How Much Sleep Does Your Child Need?

We all require the right amount of sleep in order to remain healthy and alert, but a good night's rest is especially important for little ones. Every child follows a different sleep routine, but unfortunately, most kids do not get the recommended daily amount of sleep for their age group.

Let's dive deeper into sleep expectations and recommendations for kids of all ages, as well as strategies for helping them get enough rest.

Recommended Daily Sleep for Babies, Children and Teenagers

Starting from birth, kids will gradually require less sleep per day or night as they age. As many parent can attest, children often have a hard time settling down and falling asleep without trouble ― particularly newborns, infants and toddlers, who require the most sleep of all. In order to ensure your child is getting enough sleep, it's important to take the specific needs of their age group into account.

Here are some daily sleep recommendations for kids of all ages

Newborns younger than four weeks should receive at least 15 to 17 hours of sleep every day, although this will most likely be broken up into several separate sleeps ranging from two to six hours apiece. The reason their sleep is so scattered is because newborns do not follow the same, light-based circadian sleep cycle as adults or older children. As a result, they will nap ― and wake up ― at all hours of the day and night.

Between the ages of one and three months, your baby can scale back slightly to 14 to 15 hours daily. During this period, short napping sessions will become less frequent as the newborn begins to follow a circadian rhythm and adapts to a more consistent sleep schedule.

Infants between the age of four to 12 months will require 12 to 15 hours of sleep per day; try to prevent them from sleeping less than 10 and/or more than 17. Prior to the six-month mark, infants will typically supplement their nightly sleep with three naps: one in the morning that lasts about an hour; one in the early afternoon that lasts roughly two hours; and one in the late afternoon/early evening that lasts anywhere from 30 minutes to two hours or more. So ideally, your infant should be getting anywhere from seven to 11.5 hours of sleep per night, depending on their daily nap schedule.

After six months, most infants will drop one nap from their regimen (usually the morning or late afternoon/early evening session) and take two naps per day, in addition to their nightly allotment.

Toddlers aged one to three years need roughly 11 to 14 hours of sleep on a daily basis; however, most receive no more than 10 hours of sleep each day. After their first birthday, most toddlers will drop to a single nap in the mid-afternoon that lasts two and a half hours or less. This means the bulk of their sleep will occur during the nighttime ― which is fine for most, since children often begin sleeping through the night for the first time when they reach this age.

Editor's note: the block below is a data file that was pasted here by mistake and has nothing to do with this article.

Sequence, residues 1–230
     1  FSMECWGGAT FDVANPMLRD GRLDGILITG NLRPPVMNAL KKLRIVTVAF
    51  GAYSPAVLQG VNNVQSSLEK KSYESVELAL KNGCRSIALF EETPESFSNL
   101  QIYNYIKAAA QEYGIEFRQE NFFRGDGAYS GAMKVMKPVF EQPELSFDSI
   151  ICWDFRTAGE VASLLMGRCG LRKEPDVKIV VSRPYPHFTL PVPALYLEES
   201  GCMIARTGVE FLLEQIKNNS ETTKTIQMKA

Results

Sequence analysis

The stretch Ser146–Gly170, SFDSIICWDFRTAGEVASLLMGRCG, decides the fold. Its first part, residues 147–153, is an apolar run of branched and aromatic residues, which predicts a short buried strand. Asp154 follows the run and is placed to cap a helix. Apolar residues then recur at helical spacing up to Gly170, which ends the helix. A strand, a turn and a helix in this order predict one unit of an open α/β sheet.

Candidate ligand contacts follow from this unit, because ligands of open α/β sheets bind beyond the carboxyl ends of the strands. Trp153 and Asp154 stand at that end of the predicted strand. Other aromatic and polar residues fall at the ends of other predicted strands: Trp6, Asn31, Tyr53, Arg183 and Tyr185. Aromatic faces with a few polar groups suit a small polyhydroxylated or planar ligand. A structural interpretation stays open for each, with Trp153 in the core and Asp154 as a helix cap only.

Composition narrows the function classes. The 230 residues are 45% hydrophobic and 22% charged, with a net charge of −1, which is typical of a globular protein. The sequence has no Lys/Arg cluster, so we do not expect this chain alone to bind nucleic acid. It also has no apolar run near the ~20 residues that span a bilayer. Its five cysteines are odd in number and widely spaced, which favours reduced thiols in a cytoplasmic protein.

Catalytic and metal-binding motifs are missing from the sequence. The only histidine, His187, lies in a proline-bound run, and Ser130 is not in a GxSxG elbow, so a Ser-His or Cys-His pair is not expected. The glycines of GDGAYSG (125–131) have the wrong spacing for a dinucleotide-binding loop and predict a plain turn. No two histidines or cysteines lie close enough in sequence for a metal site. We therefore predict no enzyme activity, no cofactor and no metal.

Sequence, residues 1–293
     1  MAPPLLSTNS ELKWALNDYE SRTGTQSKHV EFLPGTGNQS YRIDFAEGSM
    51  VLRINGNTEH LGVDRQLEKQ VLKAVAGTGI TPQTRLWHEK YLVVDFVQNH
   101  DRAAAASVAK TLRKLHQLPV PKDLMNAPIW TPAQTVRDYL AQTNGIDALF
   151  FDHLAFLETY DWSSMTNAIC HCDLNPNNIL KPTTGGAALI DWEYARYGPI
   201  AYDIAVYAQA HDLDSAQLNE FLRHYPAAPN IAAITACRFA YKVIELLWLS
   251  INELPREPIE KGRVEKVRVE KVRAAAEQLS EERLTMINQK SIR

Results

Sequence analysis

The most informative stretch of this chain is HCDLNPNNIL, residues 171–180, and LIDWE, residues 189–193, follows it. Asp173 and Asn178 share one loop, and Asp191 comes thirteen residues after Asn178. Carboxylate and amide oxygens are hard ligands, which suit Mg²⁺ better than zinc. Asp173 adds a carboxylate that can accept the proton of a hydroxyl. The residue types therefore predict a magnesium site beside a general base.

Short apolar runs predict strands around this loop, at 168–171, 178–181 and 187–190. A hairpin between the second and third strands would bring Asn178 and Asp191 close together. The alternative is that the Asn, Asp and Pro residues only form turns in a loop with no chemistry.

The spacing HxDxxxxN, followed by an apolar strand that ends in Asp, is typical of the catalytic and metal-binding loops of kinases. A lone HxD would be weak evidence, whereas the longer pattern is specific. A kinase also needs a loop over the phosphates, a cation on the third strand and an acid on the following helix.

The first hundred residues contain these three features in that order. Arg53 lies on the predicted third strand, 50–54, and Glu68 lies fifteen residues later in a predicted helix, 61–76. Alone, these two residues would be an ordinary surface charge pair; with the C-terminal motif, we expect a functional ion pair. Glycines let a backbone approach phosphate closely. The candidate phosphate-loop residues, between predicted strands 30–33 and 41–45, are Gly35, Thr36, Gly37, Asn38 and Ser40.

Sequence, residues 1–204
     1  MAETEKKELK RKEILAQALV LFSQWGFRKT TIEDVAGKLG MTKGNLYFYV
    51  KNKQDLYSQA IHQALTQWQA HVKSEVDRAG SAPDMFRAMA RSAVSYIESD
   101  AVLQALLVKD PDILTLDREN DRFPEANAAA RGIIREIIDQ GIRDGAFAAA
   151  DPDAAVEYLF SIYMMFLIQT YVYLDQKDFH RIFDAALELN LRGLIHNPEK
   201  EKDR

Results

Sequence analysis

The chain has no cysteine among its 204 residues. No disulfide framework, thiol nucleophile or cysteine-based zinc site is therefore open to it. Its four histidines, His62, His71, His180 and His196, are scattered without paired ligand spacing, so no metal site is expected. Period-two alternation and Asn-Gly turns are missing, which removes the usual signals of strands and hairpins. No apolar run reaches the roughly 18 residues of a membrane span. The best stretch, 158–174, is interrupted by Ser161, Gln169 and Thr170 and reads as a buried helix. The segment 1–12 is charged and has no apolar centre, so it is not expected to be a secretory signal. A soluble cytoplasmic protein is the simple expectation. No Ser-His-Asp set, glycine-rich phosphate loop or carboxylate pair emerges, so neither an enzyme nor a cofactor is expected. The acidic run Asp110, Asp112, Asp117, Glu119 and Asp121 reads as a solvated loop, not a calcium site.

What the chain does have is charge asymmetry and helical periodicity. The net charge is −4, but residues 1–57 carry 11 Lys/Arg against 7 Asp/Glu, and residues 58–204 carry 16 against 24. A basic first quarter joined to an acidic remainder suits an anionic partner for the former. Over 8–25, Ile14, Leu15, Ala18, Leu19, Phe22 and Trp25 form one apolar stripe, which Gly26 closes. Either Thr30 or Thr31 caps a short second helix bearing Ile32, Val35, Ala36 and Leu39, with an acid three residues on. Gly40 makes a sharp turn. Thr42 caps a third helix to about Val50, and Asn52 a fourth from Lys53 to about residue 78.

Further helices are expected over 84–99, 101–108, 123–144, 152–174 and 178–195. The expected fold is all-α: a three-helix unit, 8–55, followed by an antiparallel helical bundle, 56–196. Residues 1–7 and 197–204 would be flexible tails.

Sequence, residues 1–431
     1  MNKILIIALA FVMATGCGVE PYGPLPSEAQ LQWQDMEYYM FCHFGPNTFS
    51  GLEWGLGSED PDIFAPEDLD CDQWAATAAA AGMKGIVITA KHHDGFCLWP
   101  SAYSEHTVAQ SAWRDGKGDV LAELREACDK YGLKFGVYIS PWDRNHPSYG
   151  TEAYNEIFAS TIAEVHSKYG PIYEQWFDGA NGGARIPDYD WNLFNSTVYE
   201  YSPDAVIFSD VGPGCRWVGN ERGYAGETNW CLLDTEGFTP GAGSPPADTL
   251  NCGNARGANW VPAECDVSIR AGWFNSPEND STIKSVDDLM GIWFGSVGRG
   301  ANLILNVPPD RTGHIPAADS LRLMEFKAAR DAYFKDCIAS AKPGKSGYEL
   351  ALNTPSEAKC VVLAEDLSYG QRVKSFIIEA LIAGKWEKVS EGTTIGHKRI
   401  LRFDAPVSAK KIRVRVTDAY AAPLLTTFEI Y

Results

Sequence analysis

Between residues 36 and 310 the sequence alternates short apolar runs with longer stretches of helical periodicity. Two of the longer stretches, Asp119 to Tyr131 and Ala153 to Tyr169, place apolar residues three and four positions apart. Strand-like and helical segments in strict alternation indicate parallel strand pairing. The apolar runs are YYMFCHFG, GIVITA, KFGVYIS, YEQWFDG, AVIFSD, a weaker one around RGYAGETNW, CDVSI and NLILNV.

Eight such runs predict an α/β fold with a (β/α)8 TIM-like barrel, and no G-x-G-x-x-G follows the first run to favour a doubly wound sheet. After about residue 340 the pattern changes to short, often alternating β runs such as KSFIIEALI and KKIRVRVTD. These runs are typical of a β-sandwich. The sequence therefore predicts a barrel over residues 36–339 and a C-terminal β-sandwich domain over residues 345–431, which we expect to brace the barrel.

Children in daycare, preschool and kindergarten (ages three to five) should get at least 10 to 12 hours of sleep every day; fewer than eight or more than 14 are not recommended. Most children in this age group will still nap on a semi-regular basis; this is usually confined to a single nap per day that lasts between one and three hours. For some, napping will take place at a daycare center or in a preschool classroom.

At this point, bedtimes will be set later in the day ― but it's up to you (the parent) to make sure their bedtime aligns with their wake-up time. If your child gets up at 8am, then a 9pm bedtime might be appropriate. On the other hand, a bedtime no later than 7pm or 7:30 is recommended for children who get up around 6am or 7am.

Elementary students represent the widest range, from six to 12 years of age. This is a tricky age group because these children tend to become more involved in extracurricular activities, socialize with their friends on a regular basis and go to bed later. On top of that, most children stop taking daily naps at age six. However, sleep experts recommend at least nine to 12 hours of sleep per night for kids in elementary school.

The same bedtime rules apply, even as children this age begin staying up later in the evening. If he or she needs to get up by 7am, then put them to bed no later than 9pm.

Teenagers (13 to 18 years of age) require roughly eight to nine hours of sleep per night ― and no fewer than seven. Unfortunately, most teens only receive the bare minimum, if that. A recent study published by the CDC found that only 31% of teenagers get eight hours of daily sleep or more.

Athletics, jobs, social lives and increased academic requirements all play a major role in adolescent sleep deprivation. Another major issue is pubescent development, which can meddle with a young person's circadian rhythm and create sleep irregularities. To mitigate these effects, some teens will burn the midnight oil during the week and plan to catch up on their sleep when the weekend arrives. Others resort to caffeine, nicotine, and ― in some cases ― prescription drugs like Adderall to stay awake. But these measures are usually not successful, and may actually exacerbate the problems to an unhealthy, even dangerous, degree.